Whether you’re eloping, having a small intimate wedding ceremony or going all out with all the bells and whistles, some brides still hold on to old traditions, like “Something Old, Something New, Something Borrowed, Something Blue.”
Even if brides don’t know where or how the “Something Old, Something New tradition started, they’ve heard it from their moms, grandmothers and aunts for so long, it doesn’t matter how it start, it just is.
So here we’re going to look at some new spins on the old tradition…
Something Old, Something New – Some Modern Ideas for an Old Tradition
Something Old, Something New
Something old: Traditionally, the “old” is more like a family heirloom that has been handed down from your ancestors. It usually has sentimental value too.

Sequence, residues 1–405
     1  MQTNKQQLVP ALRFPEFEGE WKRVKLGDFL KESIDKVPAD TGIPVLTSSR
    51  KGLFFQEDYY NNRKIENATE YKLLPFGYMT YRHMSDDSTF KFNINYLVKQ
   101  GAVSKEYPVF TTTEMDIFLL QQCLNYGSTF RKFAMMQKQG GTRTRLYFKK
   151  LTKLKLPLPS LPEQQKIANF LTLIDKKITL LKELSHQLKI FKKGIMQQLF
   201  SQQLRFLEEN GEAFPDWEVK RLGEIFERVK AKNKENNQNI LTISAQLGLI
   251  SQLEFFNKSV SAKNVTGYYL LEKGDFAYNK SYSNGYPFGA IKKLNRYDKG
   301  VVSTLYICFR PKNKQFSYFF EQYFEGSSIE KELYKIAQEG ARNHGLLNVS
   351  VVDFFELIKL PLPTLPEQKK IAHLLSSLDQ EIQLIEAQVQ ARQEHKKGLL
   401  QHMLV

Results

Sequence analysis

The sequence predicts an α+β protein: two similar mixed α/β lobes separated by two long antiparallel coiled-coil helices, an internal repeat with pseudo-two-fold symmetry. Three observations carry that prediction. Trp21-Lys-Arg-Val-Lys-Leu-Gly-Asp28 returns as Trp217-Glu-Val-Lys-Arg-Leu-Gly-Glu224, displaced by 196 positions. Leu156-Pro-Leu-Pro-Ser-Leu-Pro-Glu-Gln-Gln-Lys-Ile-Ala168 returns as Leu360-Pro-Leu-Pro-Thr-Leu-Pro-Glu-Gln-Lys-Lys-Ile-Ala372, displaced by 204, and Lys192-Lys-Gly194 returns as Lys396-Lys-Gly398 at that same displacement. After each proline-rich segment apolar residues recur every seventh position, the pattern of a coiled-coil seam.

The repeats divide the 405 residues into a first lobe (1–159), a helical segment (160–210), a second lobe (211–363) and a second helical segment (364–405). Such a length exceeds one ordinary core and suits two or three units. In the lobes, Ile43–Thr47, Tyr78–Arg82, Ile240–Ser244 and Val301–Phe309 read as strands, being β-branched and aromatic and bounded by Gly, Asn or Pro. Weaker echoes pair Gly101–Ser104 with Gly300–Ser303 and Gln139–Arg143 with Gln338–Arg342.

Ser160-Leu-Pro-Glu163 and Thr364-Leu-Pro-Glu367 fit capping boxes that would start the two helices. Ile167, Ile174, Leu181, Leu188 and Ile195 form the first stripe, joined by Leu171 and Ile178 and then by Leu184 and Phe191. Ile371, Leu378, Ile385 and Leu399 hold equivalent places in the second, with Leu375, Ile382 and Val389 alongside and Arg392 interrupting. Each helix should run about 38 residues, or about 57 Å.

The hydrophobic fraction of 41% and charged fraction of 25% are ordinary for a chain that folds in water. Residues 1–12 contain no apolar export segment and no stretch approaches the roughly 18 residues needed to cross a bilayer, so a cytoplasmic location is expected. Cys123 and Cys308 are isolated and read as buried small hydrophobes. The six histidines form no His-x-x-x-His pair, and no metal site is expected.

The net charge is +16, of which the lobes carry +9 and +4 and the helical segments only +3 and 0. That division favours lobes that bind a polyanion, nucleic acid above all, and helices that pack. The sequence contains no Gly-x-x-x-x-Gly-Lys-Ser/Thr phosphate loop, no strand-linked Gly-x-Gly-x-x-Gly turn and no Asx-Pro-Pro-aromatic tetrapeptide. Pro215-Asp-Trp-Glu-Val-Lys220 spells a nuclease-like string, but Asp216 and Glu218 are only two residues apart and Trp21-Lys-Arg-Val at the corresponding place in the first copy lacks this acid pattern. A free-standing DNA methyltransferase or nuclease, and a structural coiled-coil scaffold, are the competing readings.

It could be a locket, a particular ring or a bracelet. Or it could be the beautiful lace gloves your great-grandmother wore for her wedding, which your grandmother wore and your mother wore.
If there are no pieces of jewelry or any sentimental heirlooms that have been handed down, you can always start a new tradition.
Check out some consignment shops or antique shops and look for something old that you can wear and hand down to your daughter or granddaughter.
‘Something old’ may even be your mother’s wedding gown that she’s been saving for her daughter to wear. Maybe the daughter’s seen photos of her mother’s dress and adamantly refuses to wear it because it’s outdated, too “retro.”